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NEWS ROUNDUP: Leeds road deaths inquiry


28/10/21 | Leeds local news | Leeds road deaths inquiry | A former Leeds MP has called on deaths due to road crashes to be made into a public health issue.

An inquiry into Leeds road deaths heard heartbreaking personal stories from the parents of children, who called for more to be done to reduce the number of those killed and seriously injured on Leeds’s roads – known as the KSI number – to be reduced to zero.

The comments came during a meeting of Leeds City Council’s  number of serious road accidents in the city, which had increased in the run-up to the pandemic.

Coun Paul Truswell (Lab), who now represents Middleton Park on Leeds City Council, told the meeting: “Up to 2010 the figures for KSI were declining, therefore the targets set reflected that. Since then the figures have at worst increased and at best plateaued.

“We are all aware that the number of KSI has declined during the pandemic for reasons that are pretty obvious, but I don’t think any of us are living in any kind of fool’s paradise that that is likely to remain at that level unless serious steps are taken.

“I would probably agree that it should be seen as a public health issue, and I don’t think that has been taken to account in the past.”

Ian Greenwood is a road safety campaigner who lost his young daughter Alice in a road traffic collision back in 2008.

The crash took place on a country road when a recently-qualified driver was racing with his friends at night, before losing control of the vehicle and crashing into the car of Ian and his family.

He told the meeting: “As well as death, devastation and the impact on people like me and my family, there are thousands of other people who are affected by this every single year.

“There are other impacts as well – pressures on hospitals and mental health, and links to crime and antisocial behaviour, congestion, people being put off walking or cycling.

“These are not ‘accidents’,” he added. “They are mostly preventable crashes.

“After the worst of the global pandemic, we have a real opportunity to move everybody forward.

“It’s too late for Alice, and for others, but I really do think you can make a difference and stop this happening to anybody else, because it is s**t.”

While the number of casualties overall reduced between 2016 and 2019, the number of serious and fatal injuries increased from 333 to 356, with a high of 26 deaths in 2018 alone.

One of those to lose their lives on Leeds roads in 2018 was Paula Knight’s 19-year-old son Declan, following a road traffic crash in Horsforth back in 2018.

Declan was in a car with five of his friends on the way home from a party. Because of the weight in the car, the driver lost control of the vehicle before crashing into another motorist.

Ms Knight said: “I suffer with PTSD, and I know I’m not the only one. No matter how old your child is, I’m his mum, and to lose somebody you bring into this world, it does not feel right.

“Had they made a decision to pay £5 in a taxi, things would have been different.”

She added that many schools have been hosting events to warn teenage students about the dangers of irresponsible driving.

Jill Walshaw lost her son Matty, who was in the car as Declan.

She said: “You see the knock on the door in films, and you never think it will happen to you. Three years on, I still feel like I’m in a film.

“I feel as though I’m watching this woman who is dealing with this, and I don’t think it’s real. I do believe perhaps if there had been speed cameras down that road, I would be making my son’s favourite tea tonight.”

Coun Jonathan Taylor (Con) said: “When these crashes happen, we need to understand there are consequences that happen for their families when they need to pick up the pieces.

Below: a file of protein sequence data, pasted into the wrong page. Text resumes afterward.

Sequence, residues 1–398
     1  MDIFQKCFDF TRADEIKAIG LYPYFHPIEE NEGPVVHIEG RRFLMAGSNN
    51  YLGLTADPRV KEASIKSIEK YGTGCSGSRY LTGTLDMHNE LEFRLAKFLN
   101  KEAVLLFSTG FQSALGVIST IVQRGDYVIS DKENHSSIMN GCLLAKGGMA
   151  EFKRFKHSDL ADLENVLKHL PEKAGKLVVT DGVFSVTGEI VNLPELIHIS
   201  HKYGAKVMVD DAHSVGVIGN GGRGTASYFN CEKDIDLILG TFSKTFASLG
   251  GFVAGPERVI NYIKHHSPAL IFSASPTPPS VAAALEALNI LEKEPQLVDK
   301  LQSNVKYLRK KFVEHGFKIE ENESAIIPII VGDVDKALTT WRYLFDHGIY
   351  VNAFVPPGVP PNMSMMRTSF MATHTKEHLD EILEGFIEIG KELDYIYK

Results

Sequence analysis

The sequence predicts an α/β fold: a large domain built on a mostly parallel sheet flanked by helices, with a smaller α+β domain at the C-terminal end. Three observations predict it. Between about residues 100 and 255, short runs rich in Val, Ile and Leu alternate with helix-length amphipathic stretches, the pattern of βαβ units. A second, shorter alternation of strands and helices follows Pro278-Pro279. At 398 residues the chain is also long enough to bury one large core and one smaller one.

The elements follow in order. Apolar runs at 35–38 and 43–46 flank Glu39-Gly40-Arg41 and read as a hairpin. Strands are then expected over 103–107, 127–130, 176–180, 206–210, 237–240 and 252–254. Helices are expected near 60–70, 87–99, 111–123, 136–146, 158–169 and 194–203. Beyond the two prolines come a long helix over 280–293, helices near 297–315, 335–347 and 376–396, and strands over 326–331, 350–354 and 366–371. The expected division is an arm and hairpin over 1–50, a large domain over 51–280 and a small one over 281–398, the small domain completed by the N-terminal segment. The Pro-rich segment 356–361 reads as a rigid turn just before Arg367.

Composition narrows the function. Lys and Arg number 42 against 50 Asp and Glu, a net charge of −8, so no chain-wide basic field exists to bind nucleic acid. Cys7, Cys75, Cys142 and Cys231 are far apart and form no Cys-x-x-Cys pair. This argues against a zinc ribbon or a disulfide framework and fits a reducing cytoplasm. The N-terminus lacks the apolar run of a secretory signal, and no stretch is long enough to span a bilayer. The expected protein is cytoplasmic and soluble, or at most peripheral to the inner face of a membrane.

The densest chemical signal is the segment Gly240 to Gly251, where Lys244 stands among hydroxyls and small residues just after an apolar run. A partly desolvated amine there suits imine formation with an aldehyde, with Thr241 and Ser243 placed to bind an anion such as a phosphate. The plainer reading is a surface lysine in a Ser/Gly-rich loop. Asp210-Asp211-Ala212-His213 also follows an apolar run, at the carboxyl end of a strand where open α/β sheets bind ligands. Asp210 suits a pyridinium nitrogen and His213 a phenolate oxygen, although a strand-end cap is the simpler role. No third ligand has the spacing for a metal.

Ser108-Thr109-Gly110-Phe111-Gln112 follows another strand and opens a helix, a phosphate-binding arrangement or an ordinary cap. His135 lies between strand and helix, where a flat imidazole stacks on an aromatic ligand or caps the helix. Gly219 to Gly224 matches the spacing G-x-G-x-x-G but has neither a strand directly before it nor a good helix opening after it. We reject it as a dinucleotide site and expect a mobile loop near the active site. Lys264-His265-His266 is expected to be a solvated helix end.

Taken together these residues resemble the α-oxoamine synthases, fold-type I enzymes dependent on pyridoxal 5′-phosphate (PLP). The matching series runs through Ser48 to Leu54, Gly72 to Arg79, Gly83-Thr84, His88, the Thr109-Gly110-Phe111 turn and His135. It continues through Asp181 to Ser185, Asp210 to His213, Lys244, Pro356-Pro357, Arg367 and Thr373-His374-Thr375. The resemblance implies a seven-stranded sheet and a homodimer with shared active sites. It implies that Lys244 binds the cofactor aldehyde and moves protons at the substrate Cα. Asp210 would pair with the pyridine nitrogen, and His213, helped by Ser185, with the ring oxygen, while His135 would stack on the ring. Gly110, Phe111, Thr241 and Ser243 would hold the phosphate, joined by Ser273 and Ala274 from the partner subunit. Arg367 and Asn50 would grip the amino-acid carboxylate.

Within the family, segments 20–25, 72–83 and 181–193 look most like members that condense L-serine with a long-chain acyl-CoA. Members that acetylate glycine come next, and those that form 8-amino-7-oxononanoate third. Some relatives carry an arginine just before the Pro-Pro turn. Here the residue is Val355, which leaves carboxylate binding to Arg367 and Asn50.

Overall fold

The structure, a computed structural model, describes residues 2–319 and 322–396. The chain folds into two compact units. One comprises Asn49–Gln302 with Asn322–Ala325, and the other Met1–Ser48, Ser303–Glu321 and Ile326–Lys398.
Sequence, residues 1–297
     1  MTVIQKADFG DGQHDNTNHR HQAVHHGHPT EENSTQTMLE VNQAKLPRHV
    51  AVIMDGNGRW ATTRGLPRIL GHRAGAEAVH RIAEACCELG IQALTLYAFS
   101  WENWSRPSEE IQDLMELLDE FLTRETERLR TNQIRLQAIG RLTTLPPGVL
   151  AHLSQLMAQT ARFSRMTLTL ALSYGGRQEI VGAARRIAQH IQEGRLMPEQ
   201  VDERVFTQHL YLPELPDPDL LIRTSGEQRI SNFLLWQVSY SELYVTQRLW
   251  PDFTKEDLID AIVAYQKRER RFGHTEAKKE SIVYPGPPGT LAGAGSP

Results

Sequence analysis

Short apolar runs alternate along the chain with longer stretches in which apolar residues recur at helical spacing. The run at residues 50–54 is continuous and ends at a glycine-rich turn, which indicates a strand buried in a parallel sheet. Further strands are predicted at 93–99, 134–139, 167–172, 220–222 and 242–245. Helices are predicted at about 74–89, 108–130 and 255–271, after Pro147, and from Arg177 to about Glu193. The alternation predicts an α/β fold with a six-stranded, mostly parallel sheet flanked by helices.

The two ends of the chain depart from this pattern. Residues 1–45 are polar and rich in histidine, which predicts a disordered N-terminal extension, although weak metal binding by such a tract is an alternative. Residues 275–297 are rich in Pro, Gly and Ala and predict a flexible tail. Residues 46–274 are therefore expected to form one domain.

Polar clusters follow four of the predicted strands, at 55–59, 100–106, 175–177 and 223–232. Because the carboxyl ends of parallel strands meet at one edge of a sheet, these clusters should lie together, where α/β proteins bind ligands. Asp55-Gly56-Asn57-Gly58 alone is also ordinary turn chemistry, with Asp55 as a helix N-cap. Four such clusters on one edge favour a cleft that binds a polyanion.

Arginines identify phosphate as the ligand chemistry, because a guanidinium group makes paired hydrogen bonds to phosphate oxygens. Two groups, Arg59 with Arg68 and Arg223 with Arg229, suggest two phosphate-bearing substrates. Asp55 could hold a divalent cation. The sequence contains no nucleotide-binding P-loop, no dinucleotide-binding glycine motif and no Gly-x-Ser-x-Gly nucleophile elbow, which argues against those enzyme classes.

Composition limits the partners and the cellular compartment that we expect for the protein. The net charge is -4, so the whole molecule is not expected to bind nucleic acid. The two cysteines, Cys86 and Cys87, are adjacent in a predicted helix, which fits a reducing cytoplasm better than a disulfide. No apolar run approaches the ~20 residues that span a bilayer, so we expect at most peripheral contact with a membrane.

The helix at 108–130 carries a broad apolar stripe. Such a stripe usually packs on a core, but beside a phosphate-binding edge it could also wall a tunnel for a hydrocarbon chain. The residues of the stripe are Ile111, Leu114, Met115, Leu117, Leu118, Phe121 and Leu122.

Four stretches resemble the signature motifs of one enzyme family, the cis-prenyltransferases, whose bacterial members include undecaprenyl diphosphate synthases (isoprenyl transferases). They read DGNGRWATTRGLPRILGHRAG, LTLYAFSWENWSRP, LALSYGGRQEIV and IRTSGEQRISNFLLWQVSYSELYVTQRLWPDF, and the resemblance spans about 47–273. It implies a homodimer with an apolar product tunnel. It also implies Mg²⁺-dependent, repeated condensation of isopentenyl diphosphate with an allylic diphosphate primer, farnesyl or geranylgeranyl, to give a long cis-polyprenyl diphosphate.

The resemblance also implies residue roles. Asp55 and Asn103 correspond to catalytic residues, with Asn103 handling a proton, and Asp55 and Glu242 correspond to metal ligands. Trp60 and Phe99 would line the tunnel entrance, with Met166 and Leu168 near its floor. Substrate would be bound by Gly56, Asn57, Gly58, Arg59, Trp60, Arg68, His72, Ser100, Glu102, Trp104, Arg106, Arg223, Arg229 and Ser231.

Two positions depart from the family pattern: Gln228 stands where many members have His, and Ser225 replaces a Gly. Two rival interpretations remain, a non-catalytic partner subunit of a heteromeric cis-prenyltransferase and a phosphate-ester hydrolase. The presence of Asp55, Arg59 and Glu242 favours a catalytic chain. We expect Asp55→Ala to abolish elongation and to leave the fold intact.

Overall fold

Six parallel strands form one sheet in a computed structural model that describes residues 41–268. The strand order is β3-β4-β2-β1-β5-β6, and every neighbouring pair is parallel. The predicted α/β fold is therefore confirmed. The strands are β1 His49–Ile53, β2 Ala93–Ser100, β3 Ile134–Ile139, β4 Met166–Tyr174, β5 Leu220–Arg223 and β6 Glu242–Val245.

“We need to hear about how officers are going to respond to this, and we need to make solid recommendations to take forward.”

A Leeds City Council officer told the meeting: “It is absolutely right that we should have that ambition. It is looking at the whole system and whole process of what’s involved with road safety, and requires everybody to play their part.

“This is about persuading manufacturers to design cars right, to make sure housing estates are designed right, that residents in their behaviour go about their business in an appropriate manner and consider how they travel.”

The inquiry into road casualties will continue into the new year.

(LDRS | Richard Beecham)



Leeds Teaching Hospitals NHS Trust has become the first NHS Hospital Trust to officially become Carbon Literate, allowing it to take an important step towards its goal of becoming one of the greenest NHS Trusts in the UK.

Since April this year the Trust’s Sustainability Team has been working closely with the Carbon Literacy Project in a new initiative to deliver the first Carbon Literacy training specifically focussed on healthcare and the NHS, to help its staff become Carbon Literate.

Libby Sutherland, Environmental Manager at Leeds Teaching Hospitals NHS Trust, said: “Here at the Trust it’s our Director of Estates and Facilities Craige Richardson and his senior team who have led the way, becoming the first Estates and Facilities team in any NHS Hospital Trust in the UK to have their entire senior management team become officially Carbon Literate.

“The feedback from Craige and his team was very positive, and they found the training really useful and very insightful. During the training our staff learn about the impacts of climate change in healthcare, breaking them down by sector and learning what the big emissions are in the NHS as well as what targets are in place to tackle them.

“But the training isn’t just theoretical, staff also learn about practical, everyday ways in which we can go about meeting those targets. As well as being really worthwhile the training is also very flexible, and each department in the Trust is free to decide who and how many members of staff need to be trained.”

Craige Richardson, Director of Estates and Facilities at LTHT, said: “Carbon Literacy means being aware of the impact of everyday activities on the climate, and knowing what steps can be taken to reduce emissions, individually, in our teams, or as an organisation.